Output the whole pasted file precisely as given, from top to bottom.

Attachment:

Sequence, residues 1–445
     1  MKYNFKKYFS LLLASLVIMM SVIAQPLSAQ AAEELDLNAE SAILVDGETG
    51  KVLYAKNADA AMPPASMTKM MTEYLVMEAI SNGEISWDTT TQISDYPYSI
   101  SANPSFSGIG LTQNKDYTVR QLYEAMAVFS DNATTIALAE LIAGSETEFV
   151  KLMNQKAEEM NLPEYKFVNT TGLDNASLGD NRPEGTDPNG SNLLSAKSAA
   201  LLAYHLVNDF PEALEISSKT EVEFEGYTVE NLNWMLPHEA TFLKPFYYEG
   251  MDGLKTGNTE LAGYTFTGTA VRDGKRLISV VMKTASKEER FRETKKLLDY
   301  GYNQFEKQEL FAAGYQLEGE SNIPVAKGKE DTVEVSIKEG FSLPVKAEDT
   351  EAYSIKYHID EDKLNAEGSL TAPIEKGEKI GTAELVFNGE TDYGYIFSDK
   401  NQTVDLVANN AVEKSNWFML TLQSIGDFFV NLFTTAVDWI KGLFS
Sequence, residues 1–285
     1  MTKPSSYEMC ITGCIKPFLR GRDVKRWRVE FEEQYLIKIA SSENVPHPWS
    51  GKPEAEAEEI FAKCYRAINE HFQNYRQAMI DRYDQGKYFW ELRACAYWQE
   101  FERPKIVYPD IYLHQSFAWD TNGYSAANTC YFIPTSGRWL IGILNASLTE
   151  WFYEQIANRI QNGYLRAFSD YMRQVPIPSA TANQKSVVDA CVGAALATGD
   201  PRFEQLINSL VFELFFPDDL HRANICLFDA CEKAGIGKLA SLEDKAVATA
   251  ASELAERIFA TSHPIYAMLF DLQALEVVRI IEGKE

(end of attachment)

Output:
Sequence, residues 1–445
     1  MKYNFKKYFS LLLASLVIMM SVIAQPLSAQ AAEELDLNAE SAILVDGETG
    51  KVLYAKNADA AMPPASMTKM MTEYLVMEAI SNGEISWDTT TQISDYPYSI
   101  SANPSFSGIG LTQNKDYTVR QLYEAMAVFS DNATTIALAE LIAGSETEFV
   151  KLMNQKAEEM NLPEYKFVNT TGLDNASLGD NRPEGTDPNG SNLLSAKSAA
   201  LLAYHLVNDF PEALEISSKT EVEFEGYTVE NLNWMLPHEA TFLKPFYYEG
   251  MDGLKTGNTE LAGYTFTGTA VRDGKRLISV VMKTASKEER FRETKKLLDY
   301  GYNQFEKQEL FAAGYQLEGE SNIPVAKGKE DTVEVSIKEG FSLPVKAEDT
   351  EAYSIKYHID EDKLNAEGSL TAPIEKGEKI GTAELVFNGE TDYGYIFSDK
   401  NQTVDLVANN AVEKSNWFML TLQSIGDFFV NLFTTAVDWI KGLFS
Sequence, residues 1–285
     1  MTKPSSYEMC ITGCIKPFLR GRDVKRWRVE FEEQYLIKIA SSENVPHPWS
    51  GKPEAEAEEI FAKCYRAINE HFQNYRQAMI DRYDQGKYFW ELRACAYWQE
   101  FERPKIVYPD IYLHQSFAWD TNGYSAANTC YFIPTSGRWL IGILNASLTE
   151  WFYEQIANRI QNGYLRAFSD YMRQVPIPSA TANQKSVVDA CVGAALATGD
   201  PRFEQLINSL VFELFFPDDL HRANICLFDA CEKAGIGKLA SLEDKAVATA
   251  ASELAERIFA TSHPIYAMLF DLQALEVVRI IEGKE